Transforming the Clinical Research Paradigm

To address these challenges, the industry is exploring new approaches to clinical trial design. Decentralized clinical trials (DCTs)—and hybrid trials, which combine remote and in-person elements—are gaining traction as ways to improve patient access and convenience. By leveraging telemedicine, wearables, mobile apps, and remote monitoring tools, DCTs and hybrid models are opening new possibilities for patient-centric trials, while reducing the burden on participants and diversifying the pool of potential enrollees. The global wearable drug delivery market is expected to exceed $240 billion in 2024.

Toward similar goals, clinical trials are also being introduced at new research sites, like pharmacies, community clinics, and doctors’ offices. These frontier sites can also increase participant diversity while reducing logistical burdens for participants, particularly for underrepresented and economically disadvantaged patients. As site selection and management constitute critical factors in trial success, sponsors are leveraging AI and data analytics to optimize location choice around sites’ potential for patient enrollment and speed of recruitment.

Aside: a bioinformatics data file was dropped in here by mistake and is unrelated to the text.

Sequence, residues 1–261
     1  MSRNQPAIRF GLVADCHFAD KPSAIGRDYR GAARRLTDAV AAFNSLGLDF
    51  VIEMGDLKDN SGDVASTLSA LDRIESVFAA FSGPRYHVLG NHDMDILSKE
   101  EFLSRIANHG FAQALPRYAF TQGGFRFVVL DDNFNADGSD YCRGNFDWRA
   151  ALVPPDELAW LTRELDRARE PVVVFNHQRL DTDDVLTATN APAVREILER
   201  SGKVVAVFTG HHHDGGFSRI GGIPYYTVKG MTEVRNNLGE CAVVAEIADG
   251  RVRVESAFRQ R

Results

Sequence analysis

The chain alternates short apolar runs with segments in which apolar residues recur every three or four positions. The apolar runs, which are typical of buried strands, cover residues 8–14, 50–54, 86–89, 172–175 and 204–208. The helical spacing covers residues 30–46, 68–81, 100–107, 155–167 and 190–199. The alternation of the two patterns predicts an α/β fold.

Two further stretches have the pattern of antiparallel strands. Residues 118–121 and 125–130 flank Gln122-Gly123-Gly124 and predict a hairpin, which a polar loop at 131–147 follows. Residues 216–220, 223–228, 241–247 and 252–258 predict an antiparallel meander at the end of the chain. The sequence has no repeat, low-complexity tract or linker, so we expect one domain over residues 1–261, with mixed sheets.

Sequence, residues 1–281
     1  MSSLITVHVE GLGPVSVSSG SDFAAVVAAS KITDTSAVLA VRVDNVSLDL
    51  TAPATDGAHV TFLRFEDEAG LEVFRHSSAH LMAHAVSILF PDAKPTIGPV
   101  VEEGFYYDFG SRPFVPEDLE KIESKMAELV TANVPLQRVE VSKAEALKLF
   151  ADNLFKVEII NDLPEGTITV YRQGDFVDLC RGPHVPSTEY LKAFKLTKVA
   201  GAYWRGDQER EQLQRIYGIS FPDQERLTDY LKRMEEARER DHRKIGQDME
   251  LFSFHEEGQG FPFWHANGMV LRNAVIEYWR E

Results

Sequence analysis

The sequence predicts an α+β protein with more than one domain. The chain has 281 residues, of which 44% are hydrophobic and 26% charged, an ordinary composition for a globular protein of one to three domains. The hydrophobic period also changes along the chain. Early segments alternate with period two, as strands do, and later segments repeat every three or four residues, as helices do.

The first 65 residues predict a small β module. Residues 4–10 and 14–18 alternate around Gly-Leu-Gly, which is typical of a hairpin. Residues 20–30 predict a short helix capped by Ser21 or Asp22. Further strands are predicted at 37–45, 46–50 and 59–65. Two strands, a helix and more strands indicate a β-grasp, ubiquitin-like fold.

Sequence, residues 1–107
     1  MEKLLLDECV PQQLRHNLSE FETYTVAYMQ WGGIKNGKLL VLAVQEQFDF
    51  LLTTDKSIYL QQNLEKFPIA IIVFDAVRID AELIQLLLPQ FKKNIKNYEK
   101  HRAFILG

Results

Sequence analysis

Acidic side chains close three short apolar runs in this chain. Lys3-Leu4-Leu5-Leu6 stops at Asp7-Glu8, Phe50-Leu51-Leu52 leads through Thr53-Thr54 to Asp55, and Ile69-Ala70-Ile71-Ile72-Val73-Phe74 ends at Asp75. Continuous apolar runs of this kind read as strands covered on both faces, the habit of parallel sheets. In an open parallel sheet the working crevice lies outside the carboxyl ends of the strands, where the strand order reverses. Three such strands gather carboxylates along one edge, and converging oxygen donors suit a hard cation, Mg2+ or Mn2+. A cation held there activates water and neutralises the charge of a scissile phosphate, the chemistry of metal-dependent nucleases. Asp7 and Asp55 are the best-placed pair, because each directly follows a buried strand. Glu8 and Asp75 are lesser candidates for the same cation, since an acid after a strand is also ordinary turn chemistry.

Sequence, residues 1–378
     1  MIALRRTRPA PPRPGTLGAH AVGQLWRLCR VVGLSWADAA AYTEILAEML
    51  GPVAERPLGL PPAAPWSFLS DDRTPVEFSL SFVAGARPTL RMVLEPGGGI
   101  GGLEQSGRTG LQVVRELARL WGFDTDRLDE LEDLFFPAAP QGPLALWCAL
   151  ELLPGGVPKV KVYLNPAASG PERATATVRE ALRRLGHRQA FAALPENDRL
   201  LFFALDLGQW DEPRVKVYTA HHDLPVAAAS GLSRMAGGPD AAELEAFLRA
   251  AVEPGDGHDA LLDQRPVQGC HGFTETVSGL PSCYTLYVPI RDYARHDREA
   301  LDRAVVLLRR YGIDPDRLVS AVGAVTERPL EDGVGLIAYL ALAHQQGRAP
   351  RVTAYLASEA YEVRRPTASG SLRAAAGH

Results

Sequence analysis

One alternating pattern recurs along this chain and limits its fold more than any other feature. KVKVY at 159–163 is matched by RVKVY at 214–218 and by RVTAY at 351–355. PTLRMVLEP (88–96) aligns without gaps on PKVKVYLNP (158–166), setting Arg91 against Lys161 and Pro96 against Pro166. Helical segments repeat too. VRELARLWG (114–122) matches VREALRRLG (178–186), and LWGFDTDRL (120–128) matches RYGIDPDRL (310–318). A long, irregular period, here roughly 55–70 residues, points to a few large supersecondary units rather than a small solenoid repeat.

But along with these advances have come new challenges. Maintaining data quality and consistency across varied trial sites, especially the new sites, is a significant hurdle. These frontier sites often lack the infrastructure and individuals with administrative expertise—such as site coordinators, principal investigators, and nurses—to support complex trials, thus requiring additional investments in training and technology.

To remedy this, key stakeholders are investing in technology platforms that unify data and insights across locations while also enabling common collaboration and communication tools. Not only do these platforms come with an array of potential cost benefits, they also represent significant improvements over today’s processes, which typically involve teams operating separately and then stitching together their siloed assessments after the fact.

Unlock the Future of Clinical Trials